In Count II the substantive offense of distribution was charged. The element which differentiates possession and distribution is knowing and intentional distribution of a controlled substance. United States v. Klugman,506 F.2d 1378, 1380 (8th Cir. 1974). From a reading of the record we find that that element is not "sufficiently in dispute so that the jury may consistently find the defendant innocent of the greater and guilty of the lesser included offense." United States v. Thompson, supra, 492 F.2d at 362. The defendant's intent to distribute is clearly evidenced in the tape recordings of his telephone conversations with Adams. Therefore, it was not error for the district court to refuse to give the requested instruction under Count II.
The defendant's second allegation of error on appeal relates to the district court's decision to allow defense counsel to state the questions she would have addressed to Donald Allen had he been present pursuant to subpoena. The defendant argues that this unusual procedure denied him his right to a fair trial.
Although we agree that the procedure was extraordinary, we note that defense counsel did not move for a continuance in order that Allen be located. Cf. United States v. Fuentes, 432 F.2d 405, 407 (5th Cir. 1970), cert. denied, 401 U.S. 919, 91 S. Ct. 904, 27 L. Ed. 2d 822 (1971). Furthermore, surrounding circumstances indicate that even if Allen had been present he may not have testified.3 The defendant was able to get his theory before the jury and any error in this unusual procedure was not prejudicial.
The judgment of the district court is affirmed.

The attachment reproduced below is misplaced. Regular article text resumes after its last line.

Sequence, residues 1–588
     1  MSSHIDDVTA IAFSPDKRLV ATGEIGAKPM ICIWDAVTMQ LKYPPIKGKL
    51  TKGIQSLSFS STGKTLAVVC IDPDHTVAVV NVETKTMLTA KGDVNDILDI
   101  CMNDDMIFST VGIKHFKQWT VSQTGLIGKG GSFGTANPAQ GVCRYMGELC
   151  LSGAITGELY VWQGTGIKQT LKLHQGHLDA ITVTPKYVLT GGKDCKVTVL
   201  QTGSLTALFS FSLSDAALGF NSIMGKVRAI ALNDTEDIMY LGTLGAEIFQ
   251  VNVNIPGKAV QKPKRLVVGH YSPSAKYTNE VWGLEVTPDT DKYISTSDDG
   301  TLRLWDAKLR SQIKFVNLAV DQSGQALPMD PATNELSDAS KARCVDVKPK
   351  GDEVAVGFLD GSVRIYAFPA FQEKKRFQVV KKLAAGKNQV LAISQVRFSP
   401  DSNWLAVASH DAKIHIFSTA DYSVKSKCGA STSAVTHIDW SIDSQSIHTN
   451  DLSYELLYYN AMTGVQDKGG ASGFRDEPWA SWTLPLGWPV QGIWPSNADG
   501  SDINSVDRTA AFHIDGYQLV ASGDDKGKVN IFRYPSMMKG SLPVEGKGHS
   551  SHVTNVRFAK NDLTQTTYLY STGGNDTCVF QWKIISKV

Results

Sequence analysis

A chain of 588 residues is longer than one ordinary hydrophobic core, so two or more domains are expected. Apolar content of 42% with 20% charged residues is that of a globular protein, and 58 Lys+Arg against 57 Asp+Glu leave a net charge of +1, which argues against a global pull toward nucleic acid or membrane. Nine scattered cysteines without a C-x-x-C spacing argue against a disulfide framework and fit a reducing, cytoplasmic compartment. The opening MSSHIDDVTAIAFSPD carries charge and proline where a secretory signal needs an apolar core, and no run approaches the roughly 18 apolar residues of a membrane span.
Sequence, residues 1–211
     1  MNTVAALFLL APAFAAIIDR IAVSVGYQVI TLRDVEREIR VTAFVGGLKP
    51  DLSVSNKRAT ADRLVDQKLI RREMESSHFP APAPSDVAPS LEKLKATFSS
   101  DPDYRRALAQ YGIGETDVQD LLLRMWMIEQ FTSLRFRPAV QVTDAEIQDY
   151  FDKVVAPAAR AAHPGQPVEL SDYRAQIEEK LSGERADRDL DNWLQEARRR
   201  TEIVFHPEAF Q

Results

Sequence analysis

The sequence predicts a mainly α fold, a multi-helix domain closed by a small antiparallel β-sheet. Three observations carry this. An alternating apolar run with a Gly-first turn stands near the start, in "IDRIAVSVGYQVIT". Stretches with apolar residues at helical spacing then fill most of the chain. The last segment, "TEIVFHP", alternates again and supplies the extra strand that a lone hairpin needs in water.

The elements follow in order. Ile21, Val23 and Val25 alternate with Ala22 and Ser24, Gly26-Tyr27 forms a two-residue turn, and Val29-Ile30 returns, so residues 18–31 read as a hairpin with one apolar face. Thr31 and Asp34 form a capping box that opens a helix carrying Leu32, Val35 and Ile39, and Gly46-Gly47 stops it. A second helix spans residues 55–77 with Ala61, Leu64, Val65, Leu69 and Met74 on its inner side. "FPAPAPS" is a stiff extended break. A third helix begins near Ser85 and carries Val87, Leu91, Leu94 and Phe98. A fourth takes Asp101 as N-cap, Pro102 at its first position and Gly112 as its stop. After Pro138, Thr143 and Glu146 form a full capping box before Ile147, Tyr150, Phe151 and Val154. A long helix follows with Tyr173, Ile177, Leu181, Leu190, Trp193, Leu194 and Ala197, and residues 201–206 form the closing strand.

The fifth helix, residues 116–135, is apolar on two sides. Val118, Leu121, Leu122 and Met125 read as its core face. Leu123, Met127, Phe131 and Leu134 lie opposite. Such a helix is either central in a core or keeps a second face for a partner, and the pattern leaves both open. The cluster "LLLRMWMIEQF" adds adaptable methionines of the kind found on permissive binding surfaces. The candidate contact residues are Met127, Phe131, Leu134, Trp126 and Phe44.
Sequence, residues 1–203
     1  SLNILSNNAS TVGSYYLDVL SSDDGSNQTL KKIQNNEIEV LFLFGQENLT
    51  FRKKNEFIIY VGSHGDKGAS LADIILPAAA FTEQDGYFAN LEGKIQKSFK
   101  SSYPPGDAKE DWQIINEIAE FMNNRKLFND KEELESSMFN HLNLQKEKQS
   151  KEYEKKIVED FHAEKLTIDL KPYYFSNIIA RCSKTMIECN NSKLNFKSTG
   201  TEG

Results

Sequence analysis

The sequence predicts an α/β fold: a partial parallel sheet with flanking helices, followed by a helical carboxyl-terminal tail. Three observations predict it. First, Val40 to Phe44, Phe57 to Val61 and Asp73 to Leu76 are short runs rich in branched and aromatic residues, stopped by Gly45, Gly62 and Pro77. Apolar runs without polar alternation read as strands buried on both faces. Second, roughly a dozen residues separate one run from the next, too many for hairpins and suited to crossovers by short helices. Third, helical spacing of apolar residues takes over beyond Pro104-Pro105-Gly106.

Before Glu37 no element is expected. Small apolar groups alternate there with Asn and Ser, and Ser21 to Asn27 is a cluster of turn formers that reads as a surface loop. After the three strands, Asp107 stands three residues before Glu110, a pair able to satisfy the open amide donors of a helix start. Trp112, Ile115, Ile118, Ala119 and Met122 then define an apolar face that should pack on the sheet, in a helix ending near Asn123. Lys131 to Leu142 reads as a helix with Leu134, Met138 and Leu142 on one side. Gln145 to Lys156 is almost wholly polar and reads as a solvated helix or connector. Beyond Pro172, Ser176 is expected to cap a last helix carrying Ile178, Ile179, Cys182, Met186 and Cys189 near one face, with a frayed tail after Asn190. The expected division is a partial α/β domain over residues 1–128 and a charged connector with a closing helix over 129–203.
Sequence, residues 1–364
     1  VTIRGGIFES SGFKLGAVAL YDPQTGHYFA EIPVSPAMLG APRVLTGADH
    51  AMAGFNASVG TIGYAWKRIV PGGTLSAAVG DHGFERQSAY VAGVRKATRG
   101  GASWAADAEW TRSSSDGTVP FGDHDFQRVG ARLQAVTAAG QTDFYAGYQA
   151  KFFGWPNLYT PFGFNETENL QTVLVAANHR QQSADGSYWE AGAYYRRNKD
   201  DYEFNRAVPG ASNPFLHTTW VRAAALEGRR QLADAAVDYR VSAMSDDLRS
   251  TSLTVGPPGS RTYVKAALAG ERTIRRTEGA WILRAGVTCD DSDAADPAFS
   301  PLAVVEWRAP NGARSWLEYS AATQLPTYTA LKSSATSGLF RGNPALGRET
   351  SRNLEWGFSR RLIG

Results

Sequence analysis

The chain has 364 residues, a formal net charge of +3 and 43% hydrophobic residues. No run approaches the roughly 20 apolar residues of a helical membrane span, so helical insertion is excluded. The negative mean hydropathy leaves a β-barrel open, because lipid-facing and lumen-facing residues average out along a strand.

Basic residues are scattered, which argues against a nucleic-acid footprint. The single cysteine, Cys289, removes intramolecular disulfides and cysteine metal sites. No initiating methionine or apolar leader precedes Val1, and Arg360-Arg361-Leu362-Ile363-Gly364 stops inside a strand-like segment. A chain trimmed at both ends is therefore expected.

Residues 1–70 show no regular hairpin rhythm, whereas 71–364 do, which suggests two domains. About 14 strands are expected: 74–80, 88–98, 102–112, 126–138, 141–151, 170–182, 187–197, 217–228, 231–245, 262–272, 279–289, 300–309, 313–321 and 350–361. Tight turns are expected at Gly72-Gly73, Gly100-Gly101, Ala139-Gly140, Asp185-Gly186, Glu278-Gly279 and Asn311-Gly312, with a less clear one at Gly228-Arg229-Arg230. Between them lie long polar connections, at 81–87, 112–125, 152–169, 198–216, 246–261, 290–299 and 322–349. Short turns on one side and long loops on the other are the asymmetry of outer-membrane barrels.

BRIGHT, Circuit Judge, concurring in part and dissenting in part:
Under the evidence introduced to support a conviction on count I, appellant Nelson was entitled to an instruction on the lesser included offense of possession. Count I charged the appellant with aiding and abetting distribution. To be sure, this offense does not necessarily include possession, and this court has so held in this case. I believe the court has erred, however, in its inflexible determination that possession never constitutes an essential element in the charge of aiding and abetting distribution.
The Government's case on count I sought to establish that Nelson aided and abetted one Henry Van Buren in the distribution of heroin on October 28, 1976, by acting as a link in a chain of distribution: The source, Van Buren, passed the narcotic substance to Nelson; Nelson briefly possessed the contraband and then passed it on to government informant Adams, and Adams then transferred it to DEA agent Campion. Nelson's witness, however, testified that Adams and Nelson jointly possessed the heroin, but Adams acted as the sole distributor.